In my drawing above, "Summer Afternoon In The City", I have shown my grandparents as they spent the afternoon, in their bed room, and me, playing solitaire on the bed in the guest bedroom. Through the windows, you can see the new house across the street from my grandparents' bedroom on the west side, and the new neighboring house on the south side behind me. There was actually a little hall where the bedroom doors faced. I used a bit of artistic license with this, in order to show what we were doing.
I hope that you have made some good memories this summer, and that my drawing will remind you of some summer memories of your own.
Friday, August 24, 2007
8.5" x 11"
Acrylic on Paper
I love old movies-really old movies! Even black and white movies. One time, I was watching an old movie in black and white, and my youngest grandson asked, "Grandma, when did the world change from black and white to color?" I still laugh when I think about that.
Of course, it is helpful for artists to do value studies in black and white, whether that is in oil paint, acrylics, charcoal, pencil, tempera, ink, or whatever the media of choice is. Maybe watching all those old movies has made it easier for me to do those studies using only neutrals.
In the painting above, I had been watching an old movie from my bed. I blinked and tried to clear up the image, but it didn't help. I had to walk over to the tv set to see what movie I was watching. I could see a woman in a triangular shaped dress, wide at the shoulders, silver, with spangles on it. There were a couple of men, dressed in dark clothing, in the scene. Other characters were sort of smeared into the picture, with some rectangular, tall shapes that I thought might be fence posts or buildings. What looked like some Art Deco art to me, was actually a western movie. Men were dressed in dark suits, a woman, perhaps a dance hall girl, was dressed in a silver, spangled dress. It was a western street with buildings in the back and a sign near the woman. Actually, this image was sharper than what I actually saw.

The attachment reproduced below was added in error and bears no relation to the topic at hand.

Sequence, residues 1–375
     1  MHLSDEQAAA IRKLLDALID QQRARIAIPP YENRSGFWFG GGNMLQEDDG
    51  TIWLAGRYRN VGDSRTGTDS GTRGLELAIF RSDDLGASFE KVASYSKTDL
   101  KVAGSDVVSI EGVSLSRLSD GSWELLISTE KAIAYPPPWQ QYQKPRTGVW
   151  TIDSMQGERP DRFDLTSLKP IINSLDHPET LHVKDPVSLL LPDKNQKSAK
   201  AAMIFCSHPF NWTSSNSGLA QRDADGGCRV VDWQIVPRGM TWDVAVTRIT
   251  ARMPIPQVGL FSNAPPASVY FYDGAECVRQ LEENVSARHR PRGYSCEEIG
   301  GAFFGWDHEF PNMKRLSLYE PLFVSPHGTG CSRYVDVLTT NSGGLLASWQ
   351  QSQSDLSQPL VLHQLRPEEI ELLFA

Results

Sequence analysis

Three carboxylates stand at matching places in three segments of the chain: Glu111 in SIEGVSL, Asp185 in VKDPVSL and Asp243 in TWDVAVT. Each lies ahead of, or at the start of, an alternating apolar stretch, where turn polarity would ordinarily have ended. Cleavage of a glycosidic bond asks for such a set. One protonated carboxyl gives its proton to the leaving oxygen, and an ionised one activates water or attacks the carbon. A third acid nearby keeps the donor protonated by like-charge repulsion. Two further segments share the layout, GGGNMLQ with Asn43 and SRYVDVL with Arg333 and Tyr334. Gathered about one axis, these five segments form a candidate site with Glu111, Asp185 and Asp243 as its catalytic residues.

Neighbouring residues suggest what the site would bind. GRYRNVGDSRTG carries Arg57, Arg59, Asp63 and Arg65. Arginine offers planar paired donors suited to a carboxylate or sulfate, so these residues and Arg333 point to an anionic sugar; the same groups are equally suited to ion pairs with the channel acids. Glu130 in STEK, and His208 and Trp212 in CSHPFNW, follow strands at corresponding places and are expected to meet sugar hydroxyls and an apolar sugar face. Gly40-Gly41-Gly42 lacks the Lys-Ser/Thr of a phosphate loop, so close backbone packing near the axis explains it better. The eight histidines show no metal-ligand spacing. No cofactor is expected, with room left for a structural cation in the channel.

As I painted "Black & White Movie", I was very aware that, although I was trying to paint something that was distorted and blurred, my brain was insisting that I paint something more realistic. Something that showed characters and buildings while still concentrating on contrast, light and shadow, and shapes. It seemed like a battle between the left and right brain. I wanted to let that right brain work, but that left brain just had to have its say in what I was doing.
I was determined to show what I was seeing, so I kept working on different versions. I seemed to work backward, from a more detailed painting, then taking away and distoring in subsequent pictures. There are six of these, each a little different. The last one, shown above, is closer to what I was seeing.
I began to think that my characters were more like Art Deco people than people in a western movie. I thought of the movie and song "42nd Street" as the paintings developed. Slick, greasey, black hair and tuxes for the men; slinky, clinging dresses and slick, waved hair for the ladies. A street scene that looks like a set for a dance number. I didn't want the painting to be about 42nd Street, so I decided to call it "Deco Street".
I actually like a lot of the old 20s, 30s, and 40s designs, including Art Deco, modern, and streamlined. I appreciate it more now, than I did when I was younger, and there were more of the original designs from that period still around.
I used only black, white, and silver acrlyic in this series of paintings. The metallic silver doesn't show up as well in the scans as they do in the original. Here, they are another gray tone. They are all on paper rather than canvas. I thought these little paintings might be studies for something larger on canvas, if they were successful as small pieces. And, too, I wanted to record the images I was seeing before I forgot them.
8.5" x 11"
Acrylic on Paper
I had a little trouble posting the past few days, but Blogger seems to be working again, and I figured out what I was doing wrong, as well. Whew! That was frustrating. But look for more work to come.
Check out my links to Artists and Authors and Interesting Sites. And please refer my blog and group to others who might be interested. I appreciate your comments and your interest.
Hope you enjoy these Art Deco paintings.
Saturday, August 18, 2007
8" x 12"